In 2005, I joined Rich McNally, Beth Loftus, and Harrison Pope in a letter to the editor of Science criticizing a "policy Forum" by Jennifer Freyd, which misleadingly claimed that the cognitive and neural mechanisms underlying amnesia for CSA had been identified.  They couldn't have been identified, of course, because that kind of amnesia for CSA simply doesn't occur (Kihlstrom, McNally, Loftus, & Pope, 2005).  I also wrote a commentary on Matt Erdelyi's attempt to support psychoanalysis with experimental cognitive psychology by characterizing Freudian repression as a "will-o'-the-wisp" (Kihlstrom, 2006a).

Finally, an invitation to the Tsukuba Conference on Memory gave me the opportunity to reflect on the whole controversy, including an expanded cfritique of N&J, and put a pin on my service in the Memory Wars (Kihlstrom, 2006b).

It should be noted that there are other Memory Wars besides the one over traumatic memories.  Memory also lies at the heart of many cultural conflicts, as different groups of people have very different accounts of the past.  In the United States, for example, some people understand the Civil War as fought mainly over slavery; but others, particularly in the American South, remember it as a "Lost Cause" fight over states' rights.  See, for example, the notes on "Contested Memories" in my online "Common-Place Book" on Personal and Social Memory.


Teaching Psychology as General Education (and as an Aspect of the Humanities)

True to my own undergraduate education at Colgate, a liberal-arts institution with a strong General Education curriculum and no graduate students standing between students and faculty, I focused my college teaching at the undergraduate level, particularly the introductory course (which I taught continuously from 1980 to 2017), and large-enrollment upper-division courses on social cognition and consciousness (both cross-listed between Psychology and Berkeley's undergraduate interdisciplinary major in Cognitive Science).  In these and other courses, I made an effort to connect Psychology with other fields -- not just the physical and biological sciences, but the humanities and arts as well (and also, to the extent that I kept up with it, popular culture).  I also focused on time-tested basic principles, as opposed to The Latest Spectacular Study (I also kept biological approaches to mind and behavior in their proper place, instead of playing up The Latest Cool Color fMRI Images. 

Most important, perhaps, I tried to give a historical perspective to the material -- giving students a sense of how various ideas evolved over time.  It w.as this emphasis on history, I think, that really gave my psychology teaching a clear connection to the humanities.  After all, as William James noted ("What College is For", 1907):

You can give humanistic value to almost anything by reaching it historically.  Geology, economics, mechanics are humanities when taught with reference to the successive achievements of the geniuses to which these sciences owe their being.  Not taught thus, literature remains grammar, art a catalogue, history a list of dates, and natural science a sheaf of formulas and weights and measures.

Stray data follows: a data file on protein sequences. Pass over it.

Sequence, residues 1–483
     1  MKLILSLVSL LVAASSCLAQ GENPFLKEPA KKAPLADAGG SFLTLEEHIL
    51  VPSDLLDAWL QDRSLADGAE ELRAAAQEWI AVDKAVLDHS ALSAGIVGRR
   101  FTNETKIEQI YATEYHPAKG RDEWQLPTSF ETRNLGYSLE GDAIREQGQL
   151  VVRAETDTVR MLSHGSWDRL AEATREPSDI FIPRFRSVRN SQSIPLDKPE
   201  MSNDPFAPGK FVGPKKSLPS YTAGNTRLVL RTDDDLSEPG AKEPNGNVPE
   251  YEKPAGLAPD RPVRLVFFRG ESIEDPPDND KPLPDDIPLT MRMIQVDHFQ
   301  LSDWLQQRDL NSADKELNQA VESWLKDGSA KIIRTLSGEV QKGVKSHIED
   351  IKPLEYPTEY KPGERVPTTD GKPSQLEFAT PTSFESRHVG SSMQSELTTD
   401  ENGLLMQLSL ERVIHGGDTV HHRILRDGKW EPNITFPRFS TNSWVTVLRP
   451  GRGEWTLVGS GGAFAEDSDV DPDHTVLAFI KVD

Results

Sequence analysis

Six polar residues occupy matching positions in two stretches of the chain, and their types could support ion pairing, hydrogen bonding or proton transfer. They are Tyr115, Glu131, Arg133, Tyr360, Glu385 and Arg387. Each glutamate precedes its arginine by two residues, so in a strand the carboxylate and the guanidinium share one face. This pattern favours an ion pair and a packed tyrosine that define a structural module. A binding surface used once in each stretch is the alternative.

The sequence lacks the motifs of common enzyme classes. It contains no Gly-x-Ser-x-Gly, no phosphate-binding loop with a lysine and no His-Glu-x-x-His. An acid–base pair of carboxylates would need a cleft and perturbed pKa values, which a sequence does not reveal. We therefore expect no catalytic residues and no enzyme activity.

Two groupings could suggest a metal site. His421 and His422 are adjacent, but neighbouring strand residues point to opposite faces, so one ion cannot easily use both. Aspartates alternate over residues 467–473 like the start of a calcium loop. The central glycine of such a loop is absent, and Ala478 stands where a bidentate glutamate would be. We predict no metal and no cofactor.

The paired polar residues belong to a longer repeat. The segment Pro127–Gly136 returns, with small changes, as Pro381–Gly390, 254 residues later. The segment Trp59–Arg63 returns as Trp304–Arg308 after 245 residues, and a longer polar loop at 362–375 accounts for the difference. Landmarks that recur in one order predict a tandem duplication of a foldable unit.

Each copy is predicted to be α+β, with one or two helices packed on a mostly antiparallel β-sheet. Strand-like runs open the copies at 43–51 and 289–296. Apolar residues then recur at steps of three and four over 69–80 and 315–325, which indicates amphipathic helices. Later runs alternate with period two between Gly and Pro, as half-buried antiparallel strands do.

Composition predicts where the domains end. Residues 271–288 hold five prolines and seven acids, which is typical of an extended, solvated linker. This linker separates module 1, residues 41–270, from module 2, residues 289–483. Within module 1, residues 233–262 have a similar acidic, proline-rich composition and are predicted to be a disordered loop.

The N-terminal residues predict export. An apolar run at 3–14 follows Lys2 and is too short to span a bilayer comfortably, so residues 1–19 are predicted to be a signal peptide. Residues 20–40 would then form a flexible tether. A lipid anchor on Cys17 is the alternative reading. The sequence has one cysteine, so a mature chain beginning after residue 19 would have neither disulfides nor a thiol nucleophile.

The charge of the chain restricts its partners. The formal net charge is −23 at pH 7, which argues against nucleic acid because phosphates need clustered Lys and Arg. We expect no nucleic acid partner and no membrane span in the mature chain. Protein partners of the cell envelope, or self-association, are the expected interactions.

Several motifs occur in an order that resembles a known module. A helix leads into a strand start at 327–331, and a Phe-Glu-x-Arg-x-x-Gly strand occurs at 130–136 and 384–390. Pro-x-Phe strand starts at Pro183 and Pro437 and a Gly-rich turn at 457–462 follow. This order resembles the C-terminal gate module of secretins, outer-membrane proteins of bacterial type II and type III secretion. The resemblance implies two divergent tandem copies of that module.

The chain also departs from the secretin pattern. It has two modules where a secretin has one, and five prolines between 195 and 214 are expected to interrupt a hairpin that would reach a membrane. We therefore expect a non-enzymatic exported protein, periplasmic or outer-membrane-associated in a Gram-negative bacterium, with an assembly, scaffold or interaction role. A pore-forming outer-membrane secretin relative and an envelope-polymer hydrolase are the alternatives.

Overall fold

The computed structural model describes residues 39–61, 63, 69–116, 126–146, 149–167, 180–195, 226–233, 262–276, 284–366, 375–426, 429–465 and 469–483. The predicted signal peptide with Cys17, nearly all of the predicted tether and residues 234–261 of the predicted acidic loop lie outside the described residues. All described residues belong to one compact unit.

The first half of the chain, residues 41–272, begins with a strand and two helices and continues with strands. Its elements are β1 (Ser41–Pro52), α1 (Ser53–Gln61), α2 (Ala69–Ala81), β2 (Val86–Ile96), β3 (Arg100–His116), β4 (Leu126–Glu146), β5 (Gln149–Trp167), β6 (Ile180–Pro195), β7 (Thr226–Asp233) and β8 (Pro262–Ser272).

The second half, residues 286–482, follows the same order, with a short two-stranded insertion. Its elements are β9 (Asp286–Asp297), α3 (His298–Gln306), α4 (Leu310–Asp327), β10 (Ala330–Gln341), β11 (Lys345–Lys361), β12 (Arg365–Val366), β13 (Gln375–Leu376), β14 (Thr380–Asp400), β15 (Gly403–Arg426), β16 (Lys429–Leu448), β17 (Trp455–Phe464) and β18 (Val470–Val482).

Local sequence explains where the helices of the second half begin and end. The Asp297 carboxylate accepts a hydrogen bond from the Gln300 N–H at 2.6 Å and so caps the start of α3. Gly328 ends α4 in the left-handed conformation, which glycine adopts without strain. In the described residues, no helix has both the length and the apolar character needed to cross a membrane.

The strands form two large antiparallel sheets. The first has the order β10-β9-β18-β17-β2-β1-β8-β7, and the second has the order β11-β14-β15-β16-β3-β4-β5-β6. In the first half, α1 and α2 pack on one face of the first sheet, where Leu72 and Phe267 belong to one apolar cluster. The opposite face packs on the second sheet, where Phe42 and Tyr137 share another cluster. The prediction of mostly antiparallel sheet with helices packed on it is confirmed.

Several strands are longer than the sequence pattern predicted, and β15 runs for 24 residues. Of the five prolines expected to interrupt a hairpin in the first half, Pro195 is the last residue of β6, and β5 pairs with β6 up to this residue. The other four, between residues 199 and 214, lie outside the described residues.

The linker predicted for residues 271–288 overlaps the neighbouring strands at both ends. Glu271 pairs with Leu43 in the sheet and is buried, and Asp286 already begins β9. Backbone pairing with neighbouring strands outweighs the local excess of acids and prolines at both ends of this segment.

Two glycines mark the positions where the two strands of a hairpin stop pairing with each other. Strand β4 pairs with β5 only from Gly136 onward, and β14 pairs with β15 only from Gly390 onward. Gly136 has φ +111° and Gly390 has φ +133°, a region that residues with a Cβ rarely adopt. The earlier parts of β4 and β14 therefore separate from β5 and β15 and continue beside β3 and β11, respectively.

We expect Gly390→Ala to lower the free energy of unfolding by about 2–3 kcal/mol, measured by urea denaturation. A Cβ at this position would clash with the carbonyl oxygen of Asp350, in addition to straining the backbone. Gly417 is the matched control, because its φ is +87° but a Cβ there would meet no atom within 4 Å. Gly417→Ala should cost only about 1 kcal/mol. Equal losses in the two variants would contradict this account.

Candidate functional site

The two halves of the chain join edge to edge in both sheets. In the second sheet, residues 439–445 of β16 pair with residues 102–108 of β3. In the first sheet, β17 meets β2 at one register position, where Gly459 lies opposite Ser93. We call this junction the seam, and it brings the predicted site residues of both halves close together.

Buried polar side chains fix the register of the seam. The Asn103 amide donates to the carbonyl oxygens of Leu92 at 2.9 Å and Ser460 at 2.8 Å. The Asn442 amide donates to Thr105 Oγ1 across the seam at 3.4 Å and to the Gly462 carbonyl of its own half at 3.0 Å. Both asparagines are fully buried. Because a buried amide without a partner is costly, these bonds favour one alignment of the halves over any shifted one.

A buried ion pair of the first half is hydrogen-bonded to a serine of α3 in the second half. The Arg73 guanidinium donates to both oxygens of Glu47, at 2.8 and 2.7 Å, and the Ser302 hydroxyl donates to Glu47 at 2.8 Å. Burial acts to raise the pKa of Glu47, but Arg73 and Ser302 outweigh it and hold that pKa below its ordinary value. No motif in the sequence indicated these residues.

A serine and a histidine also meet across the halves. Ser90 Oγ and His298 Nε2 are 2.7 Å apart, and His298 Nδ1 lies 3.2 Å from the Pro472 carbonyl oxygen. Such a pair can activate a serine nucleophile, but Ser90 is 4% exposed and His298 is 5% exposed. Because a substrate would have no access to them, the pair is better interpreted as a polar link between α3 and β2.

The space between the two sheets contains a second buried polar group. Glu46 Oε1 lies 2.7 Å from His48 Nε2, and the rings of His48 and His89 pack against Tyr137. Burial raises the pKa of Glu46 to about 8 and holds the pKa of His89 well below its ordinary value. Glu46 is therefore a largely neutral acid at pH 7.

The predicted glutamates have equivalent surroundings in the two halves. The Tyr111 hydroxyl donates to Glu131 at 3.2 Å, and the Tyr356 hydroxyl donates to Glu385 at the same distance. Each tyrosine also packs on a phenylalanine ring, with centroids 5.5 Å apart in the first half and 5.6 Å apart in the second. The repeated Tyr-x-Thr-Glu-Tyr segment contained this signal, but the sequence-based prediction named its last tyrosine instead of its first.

The sifting of human creations!  --nothing less than this is what we ought to mean by the humanities.  Essentially this means biography; what our college should teach is, therefore, biographical history, that not of politics merely, but of anything and everything so far as human efforts and conquests are factors that have played their part.  Studying in this way,we learn what types of activity have stood the test of time; we acquire standards of the excellent and durable.

Colgate's Core Curriculum

My undergraduate degree was from Colgate University, Class sof 1970.  At the time, Colgate had a rigorous General Education program consisting of a set of expressly designed courses that all students took at the same time.  It was called the Core Curriculum, and it differed greatly from the General Education programs that prevail at most colleges.  And it was wonderful.  At the time of my 50th Reunion, I was asked to write an appreciation of the Core Curriculum: You'll find it here.

At the time that essay was written, Colgate’s Core Curriculum was undergoing its scheduled decennial review, and a revised Core Curriculum was published in 2023, applicable to the Class of 2027.  The Winter 20224 issue of Colgate Magazine carried an article on the revisions.  In my view, the new Core Curriculum had the same problems that I identified in the prior version – which was, briefly, that it wasn’t really a Core Curriculum.  The Magazine solicited comments from alumni, so I wrote a mildly critical response, which is scheduled for publication in the Spring 2024 issue: